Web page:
“We want to grow the programs that provide the most opportunity for the students,” he said. “We’re seeing growth in our occupational safety program right now. The evidence is the students who get those degrees are being hired at a very rapid pace and at very good salaries.


“Our customers are our students, and our products are our students. We also have to look at what the business community is saying and what their needs are there and respond well. In my opinion, higher education, long term, has got to be more nimble in responding to the needs of the business community.”


Burrage, who just came out of his second term as the District 2 state senator, said he wants to “provide opportunity to those who don’t even know it’s there.”


“I want everybody who has the ability and has the desire to go to college to have that opportunity. I grew up in southeast Oklahoma. I’m a product of the Antlers Public School System. And I’m not convinced in my work as an elected official that they are aware of that.


“We have some great programs,” he said, listing Oklahoma’s Promise (formerly Oklahoma Higher Learning Access Program), a tuition waiver for students whose parents meet income requirements. “I want them to know about Pell Grants, I want them to know about student loans.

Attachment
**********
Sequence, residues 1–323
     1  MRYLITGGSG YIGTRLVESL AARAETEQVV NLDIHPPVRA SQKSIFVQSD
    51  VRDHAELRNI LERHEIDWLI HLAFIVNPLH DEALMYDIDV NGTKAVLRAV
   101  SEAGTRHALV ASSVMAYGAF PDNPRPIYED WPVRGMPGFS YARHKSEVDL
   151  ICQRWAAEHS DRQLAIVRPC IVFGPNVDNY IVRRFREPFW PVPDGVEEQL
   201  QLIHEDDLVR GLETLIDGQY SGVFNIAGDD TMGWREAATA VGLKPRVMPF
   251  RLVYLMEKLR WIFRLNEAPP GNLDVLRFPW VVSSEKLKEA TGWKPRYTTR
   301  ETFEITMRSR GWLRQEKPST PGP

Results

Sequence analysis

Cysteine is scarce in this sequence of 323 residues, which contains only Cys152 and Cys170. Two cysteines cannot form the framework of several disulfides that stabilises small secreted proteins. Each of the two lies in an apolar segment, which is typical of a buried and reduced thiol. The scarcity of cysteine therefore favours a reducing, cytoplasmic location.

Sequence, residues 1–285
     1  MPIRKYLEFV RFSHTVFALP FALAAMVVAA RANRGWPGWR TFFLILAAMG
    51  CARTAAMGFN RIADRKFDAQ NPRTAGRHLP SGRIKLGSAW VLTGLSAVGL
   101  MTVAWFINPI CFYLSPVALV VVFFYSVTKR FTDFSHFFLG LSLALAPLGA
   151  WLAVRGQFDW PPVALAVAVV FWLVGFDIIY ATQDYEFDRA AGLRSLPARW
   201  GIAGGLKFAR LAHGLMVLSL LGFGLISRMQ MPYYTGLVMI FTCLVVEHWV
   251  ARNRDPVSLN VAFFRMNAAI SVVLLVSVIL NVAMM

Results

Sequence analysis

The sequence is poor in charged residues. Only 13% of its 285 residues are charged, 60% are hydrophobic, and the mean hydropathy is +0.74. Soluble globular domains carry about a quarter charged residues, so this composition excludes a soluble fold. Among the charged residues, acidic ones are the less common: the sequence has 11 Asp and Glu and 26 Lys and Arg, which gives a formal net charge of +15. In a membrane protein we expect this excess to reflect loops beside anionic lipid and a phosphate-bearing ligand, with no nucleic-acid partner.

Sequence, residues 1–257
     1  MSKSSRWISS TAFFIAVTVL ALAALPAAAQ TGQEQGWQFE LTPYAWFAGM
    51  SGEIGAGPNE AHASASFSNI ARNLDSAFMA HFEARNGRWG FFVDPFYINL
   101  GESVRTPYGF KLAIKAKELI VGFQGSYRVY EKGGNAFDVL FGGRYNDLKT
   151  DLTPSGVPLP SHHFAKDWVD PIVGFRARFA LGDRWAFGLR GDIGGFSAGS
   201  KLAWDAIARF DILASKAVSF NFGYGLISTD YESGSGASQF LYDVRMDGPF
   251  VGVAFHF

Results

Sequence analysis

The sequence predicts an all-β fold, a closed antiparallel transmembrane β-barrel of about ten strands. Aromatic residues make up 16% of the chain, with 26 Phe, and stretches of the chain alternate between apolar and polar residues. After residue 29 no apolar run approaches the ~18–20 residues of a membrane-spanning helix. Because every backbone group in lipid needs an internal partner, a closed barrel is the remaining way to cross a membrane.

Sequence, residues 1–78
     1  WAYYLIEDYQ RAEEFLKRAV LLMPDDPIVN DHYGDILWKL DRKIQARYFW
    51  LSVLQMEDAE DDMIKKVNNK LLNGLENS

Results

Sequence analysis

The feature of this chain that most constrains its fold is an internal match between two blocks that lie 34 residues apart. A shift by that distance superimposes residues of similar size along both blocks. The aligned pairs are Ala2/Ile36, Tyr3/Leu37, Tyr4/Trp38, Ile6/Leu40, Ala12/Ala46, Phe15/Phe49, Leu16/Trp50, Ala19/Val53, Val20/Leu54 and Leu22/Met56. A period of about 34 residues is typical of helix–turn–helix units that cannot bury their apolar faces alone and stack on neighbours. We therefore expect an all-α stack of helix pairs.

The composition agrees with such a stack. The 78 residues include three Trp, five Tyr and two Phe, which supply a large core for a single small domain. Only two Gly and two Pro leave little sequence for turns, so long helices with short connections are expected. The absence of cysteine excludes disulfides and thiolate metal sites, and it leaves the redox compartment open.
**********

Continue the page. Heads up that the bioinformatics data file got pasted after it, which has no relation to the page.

“I want to visit a lot of the high schools. I’m going to get to know the superintendents, the principals and the school counselors, so hopefully I can have personal relationships at that level to be able to reach out to those kids to let them know what we have to offer here at Southeastern.”


Burrage also intends to build a rapport with students.


“I am going to be very active on campus,” Burrage said Thursday, adding that he’d had lunch the previous two days in the student union cafeteria. “Of course, there aren’t a lot of them in the summer, but I plan to be there at lunch and sometimes in the evenings after fall semester starts to get to know the kids.